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For teens, vaping is a sleek, discreet way to smoke

JUUL devices resemble USB flash drives

From a special edition of Crosscurrents, this is part of a series of stories from students from the San Francisco Unified School District:

My friend Dandar Ganbold is vaping inside my car. He puts an e-cigarette that looks like a metallic USB called JUUL up to his mouth and inhales.

“It's like when you sit down for a long time and you get up you get dizzy and you get disoriented and like it feels like the world is moving like around you,” Ganbold says as he performs tricks, shaping his mouth into an “O” and breathing out circles of smoke.
“Yeah the head rush is basically what I imagine is what everyone is chasing when they use a JUUL product or like any other nicotine-based products,” Ganbold tells me.  

We both graduated from Galileo High School in San Francisco this summer. His friends pushed him to try JUUL a few months ago, and now he vapes regularly, with his friends, during raves, or whenever he gets the chance.

“It's just another thing you can do. So I mean why not, right?” Ganbold says. “I mean I would definitely prefer the JUUL over a cigarette and like I would not actively use a cigarette ever. A cigarette is definitely bad, it just looks bad when you use it.”  

The nicotine inside

The pods, or cartridges, inside a JUUL are loaded with with a concentrated juice cocktail of salts and organic acids found in tobacco leaves. My friend isn’t sure about the specifics of what’s inside a JUUL, but he knows about the nicotine inside. Each Juul pod contains as much nicotine as an entire pack of cigarettes.  My friend calls himself a JUUL head, and says he’s hooked.  

“I can say for a fact, the product itself is addictive. When I never used it, I was never like, ‘Hey, I want another hit, I want another JUUL, I want to do it,’” he says.  “Only since starting to do it, it kind of makes you want more. And the want is increased by the people around you by the people who also want it more.”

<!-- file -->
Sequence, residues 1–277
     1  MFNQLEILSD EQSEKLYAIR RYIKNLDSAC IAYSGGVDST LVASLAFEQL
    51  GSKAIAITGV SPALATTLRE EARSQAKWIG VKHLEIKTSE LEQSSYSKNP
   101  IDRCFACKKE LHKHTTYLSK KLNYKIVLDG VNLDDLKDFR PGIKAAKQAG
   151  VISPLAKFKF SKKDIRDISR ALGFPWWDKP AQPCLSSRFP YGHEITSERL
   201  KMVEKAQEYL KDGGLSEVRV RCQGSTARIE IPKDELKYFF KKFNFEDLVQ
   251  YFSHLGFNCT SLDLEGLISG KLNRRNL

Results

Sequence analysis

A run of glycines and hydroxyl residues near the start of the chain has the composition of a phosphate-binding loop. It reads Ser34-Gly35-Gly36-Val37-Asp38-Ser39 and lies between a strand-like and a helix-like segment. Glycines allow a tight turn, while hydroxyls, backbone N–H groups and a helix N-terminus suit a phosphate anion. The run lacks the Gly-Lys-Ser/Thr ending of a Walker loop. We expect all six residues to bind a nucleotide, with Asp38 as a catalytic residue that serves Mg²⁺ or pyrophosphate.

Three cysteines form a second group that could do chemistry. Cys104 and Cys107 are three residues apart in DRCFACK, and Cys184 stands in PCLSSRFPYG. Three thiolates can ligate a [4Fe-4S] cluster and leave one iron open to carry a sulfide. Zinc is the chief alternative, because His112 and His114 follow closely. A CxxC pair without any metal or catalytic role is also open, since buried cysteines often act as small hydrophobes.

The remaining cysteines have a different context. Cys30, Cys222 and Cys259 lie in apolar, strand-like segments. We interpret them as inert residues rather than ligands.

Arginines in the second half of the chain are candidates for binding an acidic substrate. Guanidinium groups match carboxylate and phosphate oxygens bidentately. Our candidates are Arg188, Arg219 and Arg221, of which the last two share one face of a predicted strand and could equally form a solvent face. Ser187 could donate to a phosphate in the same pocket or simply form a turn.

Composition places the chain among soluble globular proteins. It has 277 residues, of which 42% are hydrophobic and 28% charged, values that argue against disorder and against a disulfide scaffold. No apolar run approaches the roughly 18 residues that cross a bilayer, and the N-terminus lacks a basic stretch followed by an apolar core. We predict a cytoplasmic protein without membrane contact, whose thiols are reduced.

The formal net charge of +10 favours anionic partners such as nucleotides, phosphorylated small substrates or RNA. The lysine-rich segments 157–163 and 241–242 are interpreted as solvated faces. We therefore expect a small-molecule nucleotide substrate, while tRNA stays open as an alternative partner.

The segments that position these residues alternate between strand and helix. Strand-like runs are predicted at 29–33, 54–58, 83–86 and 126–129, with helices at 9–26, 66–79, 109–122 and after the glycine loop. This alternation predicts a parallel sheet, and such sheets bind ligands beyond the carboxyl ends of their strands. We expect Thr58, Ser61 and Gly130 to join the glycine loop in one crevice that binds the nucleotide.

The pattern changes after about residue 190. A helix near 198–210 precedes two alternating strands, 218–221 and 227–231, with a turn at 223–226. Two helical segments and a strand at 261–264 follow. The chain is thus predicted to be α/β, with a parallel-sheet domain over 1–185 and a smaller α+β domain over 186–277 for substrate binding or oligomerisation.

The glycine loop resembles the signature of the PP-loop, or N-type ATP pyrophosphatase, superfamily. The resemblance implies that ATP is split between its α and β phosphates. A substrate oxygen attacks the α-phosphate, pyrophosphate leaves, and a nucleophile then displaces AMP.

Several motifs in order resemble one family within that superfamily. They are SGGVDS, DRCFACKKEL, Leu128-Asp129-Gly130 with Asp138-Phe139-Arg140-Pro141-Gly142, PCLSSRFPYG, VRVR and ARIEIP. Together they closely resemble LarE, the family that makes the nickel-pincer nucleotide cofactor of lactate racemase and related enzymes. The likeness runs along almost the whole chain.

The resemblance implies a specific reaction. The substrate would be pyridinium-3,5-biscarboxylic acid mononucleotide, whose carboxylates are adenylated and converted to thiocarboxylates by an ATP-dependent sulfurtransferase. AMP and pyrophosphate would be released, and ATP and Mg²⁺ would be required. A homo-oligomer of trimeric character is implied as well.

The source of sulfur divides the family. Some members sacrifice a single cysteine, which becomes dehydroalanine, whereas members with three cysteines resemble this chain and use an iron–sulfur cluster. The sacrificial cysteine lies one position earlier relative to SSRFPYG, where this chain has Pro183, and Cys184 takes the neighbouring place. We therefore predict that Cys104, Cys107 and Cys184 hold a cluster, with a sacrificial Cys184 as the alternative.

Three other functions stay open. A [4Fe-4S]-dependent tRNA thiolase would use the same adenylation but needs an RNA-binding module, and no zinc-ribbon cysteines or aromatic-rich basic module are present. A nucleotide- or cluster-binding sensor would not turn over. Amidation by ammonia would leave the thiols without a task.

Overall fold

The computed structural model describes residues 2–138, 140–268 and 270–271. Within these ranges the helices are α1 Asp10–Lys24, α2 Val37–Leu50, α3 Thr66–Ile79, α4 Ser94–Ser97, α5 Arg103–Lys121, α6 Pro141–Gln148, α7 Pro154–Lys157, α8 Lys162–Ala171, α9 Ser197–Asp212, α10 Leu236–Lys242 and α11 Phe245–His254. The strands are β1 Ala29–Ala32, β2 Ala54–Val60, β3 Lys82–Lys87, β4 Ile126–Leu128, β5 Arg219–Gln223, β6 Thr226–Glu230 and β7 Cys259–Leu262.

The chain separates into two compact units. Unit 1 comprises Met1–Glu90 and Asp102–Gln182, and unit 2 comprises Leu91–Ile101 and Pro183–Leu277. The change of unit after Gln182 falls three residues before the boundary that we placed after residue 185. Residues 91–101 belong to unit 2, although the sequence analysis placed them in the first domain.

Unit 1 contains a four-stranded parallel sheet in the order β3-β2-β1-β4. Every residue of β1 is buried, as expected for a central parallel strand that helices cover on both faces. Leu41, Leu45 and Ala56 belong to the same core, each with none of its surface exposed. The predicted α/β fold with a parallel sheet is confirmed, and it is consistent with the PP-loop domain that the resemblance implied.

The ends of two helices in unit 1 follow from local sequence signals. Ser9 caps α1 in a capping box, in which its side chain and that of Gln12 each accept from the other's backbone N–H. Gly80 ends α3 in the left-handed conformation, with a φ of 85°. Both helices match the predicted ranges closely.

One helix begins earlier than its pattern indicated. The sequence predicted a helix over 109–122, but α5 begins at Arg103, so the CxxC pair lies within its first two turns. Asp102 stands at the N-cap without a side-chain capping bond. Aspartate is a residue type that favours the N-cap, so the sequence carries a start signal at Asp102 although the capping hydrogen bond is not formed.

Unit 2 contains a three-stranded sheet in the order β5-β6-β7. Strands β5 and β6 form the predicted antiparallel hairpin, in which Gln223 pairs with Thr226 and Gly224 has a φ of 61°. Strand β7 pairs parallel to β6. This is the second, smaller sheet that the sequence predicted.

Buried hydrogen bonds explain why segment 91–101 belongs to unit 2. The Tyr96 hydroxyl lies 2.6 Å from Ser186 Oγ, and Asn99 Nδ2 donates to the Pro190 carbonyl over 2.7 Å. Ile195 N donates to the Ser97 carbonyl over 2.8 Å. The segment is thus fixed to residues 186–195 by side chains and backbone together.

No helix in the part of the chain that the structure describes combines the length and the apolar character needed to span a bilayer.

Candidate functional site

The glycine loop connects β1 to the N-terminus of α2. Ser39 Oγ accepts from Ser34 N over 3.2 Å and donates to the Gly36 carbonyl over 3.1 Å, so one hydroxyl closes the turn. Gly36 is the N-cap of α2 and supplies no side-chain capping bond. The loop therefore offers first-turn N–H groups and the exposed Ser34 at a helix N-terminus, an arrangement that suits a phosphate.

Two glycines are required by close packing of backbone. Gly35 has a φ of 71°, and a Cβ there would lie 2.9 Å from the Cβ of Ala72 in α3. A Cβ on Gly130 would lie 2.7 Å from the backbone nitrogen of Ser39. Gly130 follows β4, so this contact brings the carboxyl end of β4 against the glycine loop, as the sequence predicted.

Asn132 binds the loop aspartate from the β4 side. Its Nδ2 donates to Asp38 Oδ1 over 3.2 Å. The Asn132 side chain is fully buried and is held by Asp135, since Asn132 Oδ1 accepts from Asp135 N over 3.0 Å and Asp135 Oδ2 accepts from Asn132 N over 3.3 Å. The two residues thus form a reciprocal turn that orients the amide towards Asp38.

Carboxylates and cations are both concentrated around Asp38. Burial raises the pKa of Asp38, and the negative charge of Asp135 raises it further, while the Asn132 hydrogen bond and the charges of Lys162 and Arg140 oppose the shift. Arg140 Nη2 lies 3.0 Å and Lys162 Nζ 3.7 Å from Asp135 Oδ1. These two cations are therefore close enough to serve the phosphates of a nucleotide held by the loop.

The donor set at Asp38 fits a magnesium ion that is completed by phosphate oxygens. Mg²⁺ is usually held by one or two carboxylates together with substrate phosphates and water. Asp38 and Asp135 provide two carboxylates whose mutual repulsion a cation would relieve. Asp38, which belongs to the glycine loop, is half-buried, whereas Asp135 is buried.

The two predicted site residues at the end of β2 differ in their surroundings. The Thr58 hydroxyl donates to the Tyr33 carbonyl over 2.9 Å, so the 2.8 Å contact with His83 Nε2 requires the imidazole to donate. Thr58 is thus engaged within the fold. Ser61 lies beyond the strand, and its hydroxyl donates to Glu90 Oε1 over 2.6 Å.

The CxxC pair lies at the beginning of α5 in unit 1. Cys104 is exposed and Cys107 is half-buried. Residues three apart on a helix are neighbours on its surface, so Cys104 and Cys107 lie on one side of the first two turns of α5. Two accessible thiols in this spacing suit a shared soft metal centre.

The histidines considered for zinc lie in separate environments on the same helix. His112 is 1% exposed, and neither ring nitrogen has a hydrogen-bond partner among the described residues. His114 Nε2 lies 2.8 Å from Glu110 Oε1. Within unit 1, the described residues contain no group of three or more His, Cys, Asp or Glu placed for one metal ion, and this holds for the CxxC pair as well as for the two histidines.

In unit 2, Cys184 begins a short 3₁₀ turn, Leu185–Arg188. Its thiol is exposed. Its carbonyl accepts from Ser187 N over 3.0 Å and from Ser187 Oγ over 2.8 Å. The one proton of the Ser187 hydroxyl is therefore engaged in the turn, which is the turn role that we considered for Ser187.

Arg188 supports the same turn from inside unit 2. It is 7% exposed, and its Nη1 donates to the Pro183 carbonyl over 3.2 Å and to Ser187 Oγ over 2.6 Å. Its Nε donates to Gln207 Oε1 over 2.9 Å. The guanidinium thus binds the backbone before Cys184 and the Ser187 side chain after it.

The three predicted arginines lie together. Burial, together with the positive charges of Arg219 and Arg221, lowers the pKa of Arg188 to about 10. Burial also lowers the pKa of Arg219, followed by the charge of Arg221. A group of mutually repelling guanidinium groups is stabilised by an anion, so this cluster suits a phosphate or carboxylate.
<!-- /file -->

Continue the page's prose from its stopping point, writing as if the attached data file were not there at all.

JUUL shows up in schools

During my junior year at Galileo, I noticed the high school bathrooms smelled better, like signature JUUL flavors...mango, cool mint, and creme brulee. I saw people JUULing at parties. At first, I thought these vapes were just flavored, harmless water vapor. JUUL only hit the market in 2015. But sales have skyrocketed since, jumping nearly 800 percent this past year, according to Nielsen data.

The product was first brainstormed by two Stanford University product design graduates working on their thesis, and looking for a way to help adults find better alternatives to cigarettes.

JUUL declined to speak for this story, but a spokesperson sent me a statement saying, quote, “We cannot be more emphatic on this point: No young person or non-nicotine user should ever try JUUL.”

This past Spring, the Food and Drug Administration  announced it was cracking down on underage vape sales. One day later, JUUL Labs pledged to spend $30 million dollars over three years to combat vaping among teens.

Credit Mike Mozart of TheToyChannel and JeepersMedia
Teenagers say JUULing is a discreet way to smoke in class.

Cigarette use goes down, vaping jumps up

From an early age, teenagers like me are taught that cigarettes will yellow our teeth, make our bodies smell, and kill us. But JUUL is new, flavorful, sleek, and easy to hide from teachers and other adults.

Matthew Allen is a teacher at Galileo High School. I ask him if he looks out for common techniques, like kids sneaking underneath tables to vape or breathing into their sleeves.

“I’ve seen some window activity, blowing it up in the air quickly,” he tells me.

About a month ago, Allen spotted one of his students vaping during school hours. So he confiscated the e-cig device, telling the student that if he wanted it back, his parents could get in touch.